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Staff photo — Rod Aydelotte  

La Vega’s Terrance Hogan (left) gets the handoff from Sol’Dreveon Degrate in the 4x200 relay, the Pirates’ second relay win of the day. La Vega ran 1:25.80, beating second-place Liberty-Eylau by 0.77.

editor's pick
Local leaders carry on with budgeting despite uncertainty of state property tax reform
 Brooke Crum  / 

While state legislators duke out the details of bills that would cap property tax revenue growth, Waco area leaders are proceeding with business as usual, having been through this type of uncertainty before.

As it stands, Senate Bill 2 requires cities, counties and emergency service taxing districts to gain voter approval before raising 3.5% more property tax revenue than the previous year. Voters may salivate at the thought of the cap, but legislators have said it does not lower anyone’s property taxes, only makes the process more transparent.

Both the House and the Senate have passed versions of the bill, which is set to go to conference committee to iron out the final contents of the legislation. The bill is tied to school finance reform measures also percolating in the Legislature.

But local leaders have expressed their opposition to the property tax reform, saying it will hamper taxing entities’ ability to provide taxpayers with adequate infrastructure, public safety services and other essentials.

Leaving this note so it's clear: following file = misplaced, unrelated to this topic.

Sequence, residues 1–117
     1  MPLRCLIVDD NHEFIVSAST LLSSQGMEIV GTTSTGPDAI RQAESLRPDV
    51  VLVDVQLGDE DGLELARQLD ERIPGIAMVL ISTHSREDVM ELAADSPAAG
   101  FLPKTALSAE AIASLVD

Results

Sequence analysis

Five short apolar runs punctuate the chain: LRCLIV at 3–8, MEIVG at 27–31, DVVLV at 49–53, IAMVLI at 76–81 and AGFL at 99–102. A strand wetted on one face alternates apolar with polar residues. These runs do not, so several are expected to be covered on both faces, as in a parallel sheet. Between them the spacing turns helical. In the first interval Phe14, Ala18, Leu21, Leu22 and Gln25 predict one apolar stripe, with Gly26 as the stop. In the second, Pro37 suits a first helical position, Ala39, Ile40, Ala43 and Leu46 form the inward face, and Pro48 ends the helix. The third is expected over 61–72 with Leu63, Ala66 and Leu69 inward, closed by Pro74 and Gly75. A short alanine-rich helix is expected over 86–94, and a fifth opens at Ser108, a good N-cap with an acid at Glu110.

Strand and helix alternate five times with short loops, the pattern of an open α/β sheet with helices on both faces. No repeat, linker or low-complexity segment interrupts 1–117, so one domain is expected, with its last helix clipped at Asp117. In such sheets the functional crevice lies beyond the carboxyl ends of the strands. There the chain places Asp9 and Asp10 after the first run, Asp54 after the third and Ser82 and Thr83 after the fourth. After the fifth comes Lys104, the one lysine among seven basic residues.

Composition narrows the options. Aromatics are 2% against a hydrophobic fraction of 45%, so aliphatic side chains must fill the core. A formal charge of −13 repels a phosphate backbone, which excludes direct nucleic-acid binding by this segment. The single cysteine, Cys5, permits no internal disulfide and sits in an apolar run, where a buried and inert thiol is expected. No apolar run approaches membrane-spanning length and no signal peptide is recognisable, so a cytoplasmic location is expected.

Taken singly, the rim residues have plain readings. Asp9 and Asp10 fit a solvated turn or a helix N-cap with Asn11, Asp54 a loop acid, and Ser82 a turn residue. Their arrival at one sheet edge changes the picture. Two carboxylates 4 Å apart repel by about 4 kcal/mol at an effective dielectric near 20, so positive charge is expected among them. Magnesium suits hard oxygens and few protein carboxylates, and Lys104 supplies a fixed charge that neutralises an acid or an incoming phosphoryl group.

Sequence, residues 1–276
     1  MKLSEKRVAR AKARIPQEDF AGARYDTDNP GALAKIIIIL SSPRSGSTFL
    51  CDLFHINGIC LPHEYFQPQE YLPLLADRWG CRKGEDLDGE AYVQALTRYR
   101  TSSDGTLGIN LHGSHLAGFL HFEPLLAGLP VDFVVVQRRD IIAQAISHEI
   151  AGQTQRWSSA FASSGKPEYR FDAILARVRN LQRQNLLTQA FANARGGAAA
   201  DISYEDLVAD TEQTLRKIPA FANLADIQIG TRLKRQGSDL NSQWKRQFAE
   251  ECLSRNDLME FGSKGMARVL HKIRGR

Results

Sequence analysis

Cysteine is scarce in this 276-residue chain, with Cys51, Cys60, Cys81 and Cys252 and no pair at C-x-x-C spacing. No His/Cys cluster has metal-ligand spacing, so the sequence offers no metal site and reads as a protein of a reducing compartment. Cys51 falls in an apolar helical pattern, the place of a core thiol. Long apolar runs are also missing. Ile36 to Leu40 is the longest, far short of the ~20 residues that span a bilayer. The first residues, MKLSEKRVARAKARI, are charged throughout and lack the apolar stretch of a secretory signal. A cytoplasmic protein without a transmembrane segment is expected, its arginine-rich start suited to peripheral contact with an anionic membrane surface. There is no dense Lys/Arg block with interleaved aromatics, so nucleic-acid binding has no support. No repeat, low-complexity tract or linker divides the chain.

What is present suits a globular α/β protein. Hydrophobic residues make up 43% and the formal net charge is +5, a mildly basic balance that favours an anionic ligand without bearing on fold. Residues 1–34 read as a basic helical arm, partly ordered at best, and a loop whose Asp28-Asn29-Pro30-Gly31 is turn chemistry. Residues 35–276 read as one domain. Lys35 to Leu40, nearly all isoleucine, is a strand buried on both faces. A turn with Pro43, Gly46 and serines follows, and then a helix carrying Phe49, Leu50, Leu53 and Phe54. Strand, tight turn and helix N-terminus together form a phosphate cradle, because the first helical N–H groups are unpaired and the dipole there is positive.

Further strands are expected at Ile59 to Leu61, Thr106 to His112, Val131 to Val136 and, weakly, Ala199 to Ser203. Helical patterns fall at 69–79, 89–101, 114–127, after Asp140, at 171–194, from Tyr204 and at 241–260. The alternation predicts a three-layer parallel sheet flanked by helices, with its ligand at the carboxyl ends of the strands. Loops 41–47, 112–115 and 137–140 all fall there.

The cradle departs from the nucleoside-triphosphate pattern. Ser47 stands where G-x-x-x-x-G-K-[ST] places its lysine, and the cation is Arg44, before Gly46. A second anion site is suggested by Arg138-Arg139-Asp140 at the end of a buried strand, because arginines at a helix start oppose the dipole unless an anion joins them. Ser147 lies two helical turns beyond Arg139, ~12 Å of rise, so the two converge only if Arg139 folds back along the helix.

McLennan County Judge Scott Felton said he wrote the state lawmakers who represent the area about his opposition to the property tax cap. He said with it the county will not be able to provide the same level of public safety people expect or an economic development fund.

The county has cut its property tax rate four times in the past five years primarily because of higher property values, despite the escalating costs of providing services, Felton said.

Waco Mayor Kyle Deaver has called the cap “arbitrary” and said the measures do not provide municipal tax relief to residents.

City of Waco spokesman Larry Holze said the city is moving forward with preparing its budget without taking the proposed legislation into consideration. He said the city council is aware of the bills but that no major decisions or alternate plans are being made.

“It’s business as usual,” Holze said.

State legislators said property owners often complain about how high property taxes have risen. Rep. Charles “Doc” Anderson, R-Waco, said many property owners have downsized or moved out of their homes because they could not afford the taxes. He voted for the property tax reform bills.

“In a booming economy, we need to allow cities and counties to prosper and do what they need to do while also funding the schools,” Anderson said. “We have to try and see if we can be more fair to property owners, and I think these bills are a step in the right direction.”

Sen. Brian Birdwell, R-Granbury, said in a boilerplate statement that voters have demanded property tax reform and that Senate Bill 2 will have a “significant effect on curtailing the rapid growth in property valuations.”

“SB 2 strengthens voter-approval and provides a balance between both fast-growing, more suburban counties like McLennan and the northern counties that abut the DFW metroplex, as well as the more rural counties in the district,” according to the statement.